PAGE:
Lies:  One of the two Hard Rockers on the album.  Mick Jagger again morphs.  This is the last song on side one, and already Jagger and the Stones had covered a range of sound that other bands would not even contemplate covering over the course of two back-to-back albums never mind a single release.

Far Away Eyes: Yet another seamless transition, this time into country music.  Many British singers would not dare and try to imitate a country singer.  Mick Jagger not only does it, he does it alarmingly well, while never losing focus that he is weaving his singing into the mix of a great band.

Respectable: The real value here is in the Jagger-penned lyrics, which seem to be anticipating the 80s and 90s when the Rolling Stones status shifted from a rebellious reputation to a mainstream, accepted one (though, not their fault this happened).  This is the only time on the entire album that the Stones repeat a genre (that being the Heavy Rocker, along with Lies).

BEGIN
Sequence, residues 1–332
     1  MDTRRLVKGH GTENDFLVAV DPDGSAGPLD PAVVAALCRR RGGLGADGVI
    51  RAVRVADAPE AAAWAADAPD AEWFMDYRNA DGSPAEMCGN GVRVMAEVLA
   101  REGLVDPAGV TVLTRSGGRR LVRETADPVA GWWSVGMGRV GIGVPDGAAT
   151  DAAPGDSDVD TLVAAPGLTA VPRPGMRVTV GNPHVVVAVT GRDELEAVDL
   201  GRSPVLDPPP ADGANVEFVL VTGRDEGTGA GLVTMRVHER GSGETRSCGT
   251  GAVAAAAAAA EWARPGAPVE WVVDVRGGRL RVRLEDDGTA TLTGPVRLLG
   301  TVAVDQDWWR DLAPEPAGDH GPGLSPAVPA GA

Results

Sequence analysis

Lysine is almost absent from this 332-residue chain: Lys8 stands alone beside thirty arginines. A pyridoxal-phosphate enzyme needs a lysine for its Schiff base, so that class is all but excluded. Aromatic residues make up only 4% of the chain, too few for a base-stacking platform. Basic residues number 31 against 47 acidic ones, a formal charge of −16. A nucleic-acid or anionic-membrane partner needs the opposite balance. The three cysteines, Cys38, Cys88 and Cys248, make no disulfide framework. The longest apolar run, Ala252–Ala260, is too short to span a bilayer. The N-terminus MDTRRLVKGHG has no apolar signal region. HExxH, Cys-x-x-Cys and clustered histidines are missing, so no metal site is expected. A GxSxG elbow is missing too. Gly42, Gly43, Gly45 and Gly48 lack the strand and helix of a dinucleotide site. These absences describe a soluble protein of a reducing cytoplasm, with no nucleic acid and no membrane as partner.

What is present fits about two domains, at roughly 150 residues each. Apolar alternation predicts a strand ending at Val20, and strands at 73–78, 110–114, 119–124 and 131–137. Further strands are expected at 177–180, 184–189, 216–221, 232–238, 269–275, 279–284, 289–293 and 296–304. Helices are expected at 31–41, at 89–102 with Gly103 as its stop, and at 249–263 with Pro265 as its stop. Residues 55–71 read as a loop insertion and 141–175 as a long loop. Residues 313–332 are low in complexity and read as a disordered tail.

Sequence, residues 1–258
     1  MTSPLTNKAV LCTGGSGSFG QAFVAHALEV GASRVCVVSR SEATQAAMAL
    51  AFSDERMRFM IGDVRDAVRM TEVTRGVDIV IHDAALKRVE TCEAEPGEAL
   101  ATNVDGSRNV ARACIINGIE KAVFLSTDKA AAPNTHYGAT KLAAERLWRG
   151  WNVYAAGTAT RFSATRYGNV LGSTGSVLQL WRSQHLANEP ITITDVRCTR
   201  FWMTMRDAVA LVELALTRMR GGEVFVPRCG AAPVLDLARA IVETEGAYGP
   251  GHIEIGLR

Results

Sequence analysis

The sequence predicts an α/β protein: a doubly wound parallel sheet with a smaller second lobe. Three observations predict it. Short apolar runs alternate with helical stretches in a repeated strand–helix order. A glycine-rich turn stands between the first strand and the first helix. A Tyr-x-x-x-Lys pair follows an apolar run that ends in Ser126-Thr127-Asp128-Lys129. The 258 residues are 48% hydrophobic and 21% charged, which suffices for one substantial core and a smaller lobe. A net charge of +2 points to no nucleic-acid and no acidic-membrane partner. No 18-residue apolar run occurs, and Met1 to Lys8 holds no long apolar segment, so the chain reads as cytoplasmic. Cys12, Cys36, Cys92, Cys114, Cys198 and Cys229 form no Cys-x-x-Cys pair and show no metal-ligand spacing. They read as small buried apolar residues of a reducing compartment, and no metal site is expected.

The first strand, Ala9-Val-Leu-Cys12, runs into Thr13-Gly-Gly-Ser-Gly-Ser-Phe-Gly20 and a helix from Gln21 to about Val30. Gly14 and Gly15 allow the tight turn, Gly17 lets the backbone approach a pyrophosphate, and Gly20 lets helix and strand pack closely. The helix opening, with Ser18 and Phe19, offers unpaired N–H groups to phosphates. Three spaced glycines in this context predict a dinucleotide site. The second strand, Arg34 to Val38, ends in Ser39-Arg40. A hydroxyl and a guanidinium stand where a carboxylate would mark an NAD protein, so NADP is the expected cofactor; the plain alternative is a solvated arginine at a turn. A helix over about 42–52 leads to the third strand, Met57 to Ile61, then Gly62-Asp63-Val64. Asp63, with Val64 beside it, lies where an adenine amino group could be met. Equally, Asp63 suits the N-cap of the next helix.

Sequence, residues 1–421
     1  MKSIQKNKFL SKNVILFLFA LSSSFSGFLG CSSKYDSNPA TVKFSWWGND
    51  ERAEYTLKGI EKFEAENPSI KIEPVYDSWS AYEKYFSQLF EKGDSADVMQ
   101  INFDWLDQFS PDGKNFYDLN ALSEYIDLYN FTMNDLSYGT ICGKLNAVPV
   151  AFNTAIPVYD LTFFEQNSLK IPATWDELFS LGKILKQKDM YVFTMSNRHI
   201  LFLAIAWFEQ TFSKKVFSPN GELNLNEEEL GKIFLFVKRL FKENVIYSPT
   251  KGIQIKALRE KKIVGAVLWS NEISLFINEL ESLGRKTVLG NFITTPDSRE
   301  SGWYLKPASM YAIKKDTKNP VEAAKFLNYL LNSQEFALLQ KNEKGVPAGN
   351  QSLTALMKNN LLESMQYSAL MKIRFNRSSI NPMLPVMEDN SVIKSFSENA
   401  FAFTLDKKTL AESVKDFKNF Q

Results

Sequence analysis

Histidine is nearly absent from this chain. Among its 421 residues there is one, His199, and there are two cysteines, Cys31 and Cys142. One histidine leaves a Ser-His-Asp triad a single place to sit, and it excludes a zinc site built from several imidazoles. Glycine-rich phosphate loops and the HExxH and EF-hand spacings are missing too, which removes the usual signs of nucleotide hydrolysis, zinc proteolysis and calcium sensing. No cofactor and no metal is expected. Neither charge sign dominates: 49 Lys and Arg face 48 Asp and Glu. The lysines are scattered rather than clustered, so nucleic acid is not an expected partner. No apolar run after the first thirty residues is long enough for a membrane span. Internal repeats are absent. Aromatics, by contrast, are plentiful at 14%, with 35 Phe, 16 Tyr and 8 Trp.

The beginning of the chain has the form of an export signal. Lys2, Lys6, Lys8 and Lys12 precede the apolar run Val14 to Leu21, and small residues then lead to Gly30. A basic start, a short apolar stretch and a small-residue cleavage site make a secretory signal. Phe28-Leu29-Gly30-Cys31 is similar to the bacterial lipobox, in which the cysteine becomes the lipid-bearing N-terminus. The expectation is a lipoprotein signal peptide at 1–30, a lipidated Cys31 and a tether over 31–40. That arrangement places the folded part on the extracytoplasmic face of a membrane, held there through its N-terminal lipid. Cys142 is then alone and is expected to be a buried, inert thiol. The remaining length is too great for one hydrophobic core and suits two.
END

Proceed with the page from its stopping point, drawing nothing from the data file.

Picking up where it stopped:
Before They Make Me Run:  See Stepping Stone #6.  Jagger’s unusually sympathetic backing vocals lift Keith Richards’ up during a hairy time in the latter’s life. 

Beast of Burden: The requisite ballad on ‘Some Girls’, and sung very professionally by Mr. Jagger.  Not one of my favorites, but I still have fond memories of when it was released:  Listening to it on the juke box at Dean Junior College as a Junior in High School while playing pool with Mac against the college kids. 

Shattered:  That other sound that really doesn’t connect to any genre, and another one of Mick Jagger’s all-time best singing efforts.  I wrote about this one for Stepping Stone # 21.